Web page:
Around the bulge of Africa

Thu 17 Jan 2013 17:03
23:06.34N 18:31.03W

Looking at the chart we see the Sahara slowly slip past to the East, however, it's been the coldest passage at night for a long time. With the wind behind us, coming straight on our backs when we sit at the top of the companionway, it's been positively chilly. So instead of just jeans, t-shirt and a sweatshirt at night, I've had to put on a waterproof to keep the wind out and even resort to a hat! Well, I guess it is January.

We didn't see any ships at all yesterday, just two in the night and one so far today. But we hear them. Through the night it's mostly bored Filipino tanker crew, alone on watch, swapping insults, playing songs or just making noises to entertain themselves. All this on Channel 16, the one reserved for distress calls and navigational warnings. Imagine: you hit a reef, your boat is sinking and you can't call for help because some idiot is making farting noises over the radio. Nothing to be done though, the occasional request for them to change to a different channel is just greeted by more extreme behaviour: finally someone noticed them!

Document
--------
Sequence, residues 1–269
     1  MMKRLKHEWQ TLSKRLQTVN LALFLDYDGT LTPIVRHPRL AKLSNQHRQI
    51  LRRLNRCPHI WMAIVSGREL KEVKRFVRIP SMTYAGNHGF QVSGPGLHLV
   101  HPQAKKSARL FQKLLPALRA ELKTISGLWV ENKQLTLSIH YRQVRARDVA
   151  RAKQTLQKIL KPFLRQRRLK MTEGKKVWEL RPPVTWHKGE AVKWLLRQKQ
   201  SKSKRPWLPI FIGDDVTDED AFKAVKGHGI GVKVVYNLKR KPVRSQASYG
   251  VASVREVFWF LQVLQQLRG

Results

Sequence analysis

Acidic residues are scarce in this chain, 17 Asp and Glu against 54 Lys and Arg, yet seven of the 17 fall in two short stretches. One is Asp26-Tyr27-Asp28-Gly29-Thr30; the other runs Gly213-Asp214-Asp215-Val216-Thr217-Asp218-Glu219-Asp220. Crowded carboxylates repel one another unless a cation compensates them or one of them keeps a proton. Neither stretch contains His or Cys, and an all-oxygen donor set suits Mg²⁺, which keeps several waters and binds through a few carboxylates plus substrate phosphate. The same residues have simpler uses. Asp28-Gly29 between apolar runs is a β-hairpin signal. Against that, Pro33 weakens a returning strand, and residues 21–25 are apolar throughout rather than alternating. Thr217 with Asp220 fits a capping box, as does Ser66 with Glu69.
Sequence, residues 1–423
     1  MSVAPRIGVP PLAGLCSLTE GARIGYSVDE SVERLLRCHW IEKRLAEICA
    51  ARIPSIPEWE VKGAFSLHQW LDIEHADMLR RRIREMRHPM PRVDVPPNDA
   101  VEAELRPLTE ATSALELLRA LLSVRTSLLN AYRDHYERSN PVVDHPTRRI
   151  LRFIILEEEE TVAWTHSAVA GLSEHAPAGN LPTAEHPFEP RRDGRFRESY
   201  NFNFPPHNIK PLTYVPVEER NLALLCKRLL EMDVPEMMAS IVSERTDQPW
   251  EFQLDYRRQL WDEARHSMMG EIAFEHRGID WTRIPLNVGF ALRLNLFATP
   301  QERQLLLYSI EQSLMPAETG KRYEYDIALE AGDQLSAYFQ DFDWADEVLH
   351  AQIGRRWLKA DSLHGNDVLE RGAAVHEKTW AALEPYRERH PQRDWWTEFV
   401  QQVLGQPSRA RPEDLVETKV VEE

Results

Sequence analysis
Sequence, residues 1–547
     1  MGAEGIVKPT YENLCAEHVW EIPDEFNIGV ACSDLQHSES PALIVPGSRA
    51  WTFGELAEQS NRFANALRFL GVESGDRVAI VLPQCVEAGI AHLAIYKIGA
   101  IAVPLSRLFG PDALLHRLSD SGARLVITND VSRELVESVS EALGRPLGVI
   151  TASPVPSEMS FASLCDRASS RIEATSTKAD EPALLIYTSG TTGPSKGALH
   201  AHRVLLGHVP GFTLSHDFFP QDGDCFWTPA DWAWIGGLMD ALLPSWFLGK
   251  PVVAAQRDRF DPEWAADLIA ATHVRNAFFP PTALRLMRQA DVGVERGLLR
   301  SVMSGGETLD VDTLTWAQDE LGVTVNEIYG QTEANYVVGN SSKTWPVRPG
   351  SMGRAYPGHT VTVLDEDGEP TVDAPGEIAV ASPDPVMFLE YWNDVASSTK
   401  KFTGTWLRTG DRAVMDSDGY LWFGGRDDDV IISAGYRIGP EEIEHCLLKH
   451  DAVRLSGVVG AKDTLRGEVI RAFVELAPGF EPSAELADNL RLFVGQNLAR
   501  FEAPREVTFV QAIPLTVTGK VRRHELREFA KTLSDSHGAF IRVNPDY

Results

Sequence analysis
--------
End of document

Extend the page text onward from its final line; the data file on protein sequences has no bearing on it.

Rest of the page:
The sea continues to be amazingly beautiful, the swell has dropped right away to 2m or so, but the wind has raised little peaks all over, like icing snow on a Christmas cake. In the evening, just before the sun set, the surface turned silver grey but if you looked straight down over the side the blue had turned to black, iodine on potato black, dropping down down down the 3km of depth below us.

Whilst on watch last night we ran through a patch of greater than usual phosphorescence. The bow wave streaking down our sides formed a glowing oval around us, with even brighter flashes running through it like sheet lighting runs through clouds, and behind us our wake streamed out with similar flashes. From above we must have looked like a comet streaking over the dark sea. Where the white horses topped the waves there were similar bright patches on the sea all around us, fooling the eye as I scanned for other boats.

I haven't forgotten Becks, food:
Yesterday lunch involved some Canarian bread rolls we got the day we left, which have gone somewhere to explain the list we had to starboard as they took a great deal of chewing and were clearly acting as excellent ballast. Supper was Cajun blackened chicken, crushed potatoes and green beans. Breakfast today was oatmeal with fresh fruit (banana, pear and guava) and honey and lunch today was wonderfully creamy avocados filled with prawns and Maria Rose sauce, Ainsley Harriott's mulligatawny soup and cheese and pickle sandwiches, made with Canarian 'queso fresco', sort of cottage cheese, but in a lump. Supper tonight is going to be cous cous with Moroccan chicken. Then we will have eaten the chicken and can defrost some other meat.

We're doing well: not too tired, no trace of sea sickness, good progress being made and all systems working well. And, what's more, we're having a great time too!

radio email processed by SailMail
for information see: